Please use this identifier to cite or link to this item: https://hdl.handle.net/1959.11/16356
Title: Morphological traits: predictable responses to macrohabitats across a 300 km scale
Contributor(s): Yates, Michelle (author); Andrew, Nigel R  (author)orcid ; Binns, Matthew (author); Gibb, Heloise (author)
Publication Date: 2014
Open Access: Yes
DOI: 10.7717/peerj.271Open Access Link
Handle Link: https://hdl.handle.net/1959.11/16356
Abstract: Species traits may provide a short-cut to predicting generalities in species turnover in response to environmental change, particularly for poorly known taxa. We ask if morphological traits of assemblages respond predictably to macrohabitats across a large scale. Ant assemblages were collected at nine paired pasture and remnant sites from within three areas along a 300 km distance. We measured ten functional morphological traits for replicate individuals of each species.We used a fourth corner model to test associations between microhabitat variables, macrohabitats (pastures and remnants) and traits. In addition, we tested the phylogenetic independence of traits, to determine if responses were likely to be due to filtering by morphology or phylogeny. Nine of ten traits were predicted by macrohabitat and the majority of these traits were independent of phylogeny. Surprisingly, microhabitat variables were not associated with morphological traits. Traits which were associated with macrohabitats were involved in locomotion, feeding behaviour and sensory ability. Ants in remnants had more maxillary palp segments, longer scapes and wider eyes, while having shorter femurs, smaller apical mandibular teeth and shorter Weber's lengths. A clear relationship between traits and macrohabitats across a large scale suggests that species are filtered by coarse environmental differences. In contrast to the findings of previous studies, fine-scale filtering of morphological traits was not apparent. If such generalities in morphological trait responses to habitat hold across even larger scales, traits may prove critical in predicting the response of species assemblages to global change.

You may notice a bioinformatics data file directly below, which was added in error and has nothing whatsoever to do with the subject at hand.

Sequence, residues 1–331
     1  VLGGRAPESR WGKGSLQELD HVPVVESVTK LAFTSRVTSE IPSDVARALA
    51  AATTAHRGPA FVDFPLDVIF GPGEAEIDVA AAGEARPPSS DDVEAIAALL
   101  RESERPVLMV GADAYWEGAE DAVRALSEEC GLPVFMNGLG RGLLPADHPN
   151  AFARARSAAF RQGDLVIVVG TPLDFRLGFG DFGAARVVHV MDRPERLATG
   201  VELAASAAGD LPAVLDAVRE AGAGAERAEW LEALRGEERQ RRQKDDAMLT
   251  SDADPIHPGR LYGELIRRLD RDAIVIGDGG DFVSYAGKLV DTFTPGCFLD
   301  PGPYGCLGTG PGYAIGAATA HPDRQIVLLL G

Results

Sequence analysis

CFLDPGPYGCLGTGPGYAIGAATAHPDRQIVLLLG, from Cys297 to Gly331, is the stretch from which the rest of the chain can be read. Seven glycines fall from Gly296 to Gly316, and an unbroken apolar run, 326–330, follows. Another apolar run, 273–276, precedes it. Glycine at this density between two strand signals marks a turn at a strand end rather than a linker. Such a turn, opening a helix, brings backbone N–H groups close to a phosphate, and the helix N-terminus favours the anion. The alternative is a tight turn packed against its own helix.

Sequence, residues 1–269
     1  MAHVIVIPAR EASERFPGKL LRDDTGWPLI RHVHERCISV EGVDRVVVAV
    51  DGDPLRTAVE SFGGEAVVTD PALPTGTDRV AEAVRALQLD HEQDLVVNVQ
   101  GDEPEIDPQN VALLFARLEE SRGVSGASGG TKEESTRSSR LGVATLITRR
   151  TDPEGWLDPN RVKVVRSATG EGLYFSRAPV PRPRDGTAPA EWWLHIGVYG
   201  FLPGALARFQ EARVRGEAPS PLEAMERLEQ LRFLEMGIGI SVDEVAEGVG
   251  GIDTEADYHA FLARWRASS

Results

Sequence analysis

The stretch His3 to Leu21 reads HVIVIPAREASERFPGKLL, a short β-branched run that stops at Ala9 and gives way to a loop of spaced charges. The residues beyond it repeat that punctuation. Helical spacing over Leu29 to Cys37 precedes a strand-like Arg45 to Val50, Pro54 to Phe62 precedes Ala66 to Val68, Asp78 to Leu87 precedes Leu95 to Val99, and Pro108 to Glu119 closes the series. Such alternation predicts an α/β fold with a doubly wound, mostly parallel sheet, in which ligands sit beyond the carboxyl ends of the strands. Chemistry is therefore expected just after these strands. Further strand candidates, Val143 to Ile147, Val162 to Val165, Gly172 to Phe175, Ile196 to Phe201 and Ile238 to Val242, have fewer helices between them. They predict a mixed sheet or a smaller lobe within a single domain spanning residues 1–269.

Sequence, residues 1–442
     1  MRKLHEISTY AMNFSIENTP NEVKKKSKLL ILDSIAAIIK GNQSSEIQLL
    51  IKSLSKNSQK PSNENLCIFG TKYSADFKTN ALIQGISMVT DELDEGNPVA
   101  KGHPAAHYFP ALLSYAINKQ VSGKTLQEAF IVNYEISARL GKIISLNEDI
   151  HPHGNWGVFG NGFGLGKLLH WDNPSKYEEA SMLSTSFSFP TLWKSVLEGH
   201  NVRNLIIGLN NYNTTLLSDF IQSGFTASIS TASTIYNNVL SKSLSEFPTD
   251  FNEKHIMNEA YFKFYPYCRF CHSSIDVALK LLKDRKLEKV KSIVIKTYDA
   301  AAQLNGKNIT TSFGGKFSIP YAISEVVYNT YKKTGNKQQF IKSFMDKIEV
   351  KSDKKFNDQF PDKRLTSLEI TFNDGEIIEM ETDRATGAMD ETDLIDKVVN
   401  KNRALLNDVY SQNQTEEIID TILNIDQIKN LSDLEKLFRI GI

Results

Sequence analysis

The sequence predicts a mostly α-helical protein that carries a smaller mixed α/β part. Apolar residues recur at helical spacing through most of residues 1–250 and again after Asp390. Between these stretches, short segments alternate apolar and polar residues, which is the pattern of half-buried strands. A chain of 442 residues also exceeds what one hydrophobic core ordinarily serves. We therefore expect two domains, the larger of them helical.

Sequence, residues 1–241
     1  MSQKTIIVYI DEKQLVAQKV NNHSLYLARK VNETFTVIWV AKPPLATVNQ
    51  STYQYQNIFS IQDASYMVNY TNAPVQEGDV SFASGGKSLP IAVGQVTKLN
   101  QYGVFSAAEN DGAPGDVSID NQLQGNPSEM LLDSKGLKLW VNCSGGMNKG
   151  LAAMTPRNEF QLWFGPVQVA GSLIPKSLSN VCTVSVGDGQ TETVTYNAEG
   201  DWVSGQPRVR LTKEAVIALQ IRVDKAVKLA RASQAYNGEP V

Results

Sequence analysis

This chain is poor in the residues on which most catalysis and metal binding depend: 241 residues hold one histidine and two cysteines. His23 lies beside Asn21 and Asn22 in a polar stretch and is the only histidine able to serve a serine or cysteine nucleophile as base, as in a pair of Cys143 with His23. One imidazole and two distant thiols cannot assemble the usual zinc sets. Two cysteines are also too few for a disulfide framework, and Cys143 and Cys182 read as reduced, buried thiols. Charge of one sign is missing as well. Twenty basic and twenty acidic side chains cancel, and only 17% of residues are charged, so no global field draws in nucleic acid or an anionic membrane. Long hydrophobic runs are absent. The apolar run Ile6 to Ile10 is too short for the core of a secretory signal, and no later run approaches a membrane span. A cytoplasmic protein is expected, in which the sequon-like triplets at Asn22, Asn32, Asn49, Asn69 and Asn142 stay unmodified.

Publication Type: Journal Article
Grant Details: ARC/DP0985886
Source of Publication: PeerJ, v.2, p. 1-20
Publisher: PeerJ Ltd
Place of Publication: United Kingdom
ISSN: 2167-8359
Field of Research (FOR): 060899 Zoology not elsewhere classified
060202 Community Ecology (excl Invasive Species Ecology)
Socio-Economic Objective (SEO): 970106 Expanding Knowledge in the Biological Sciences
Peer Reviewed: Yes
HERDC Category Description: C1 Refereed Article in a Scholarly Journal
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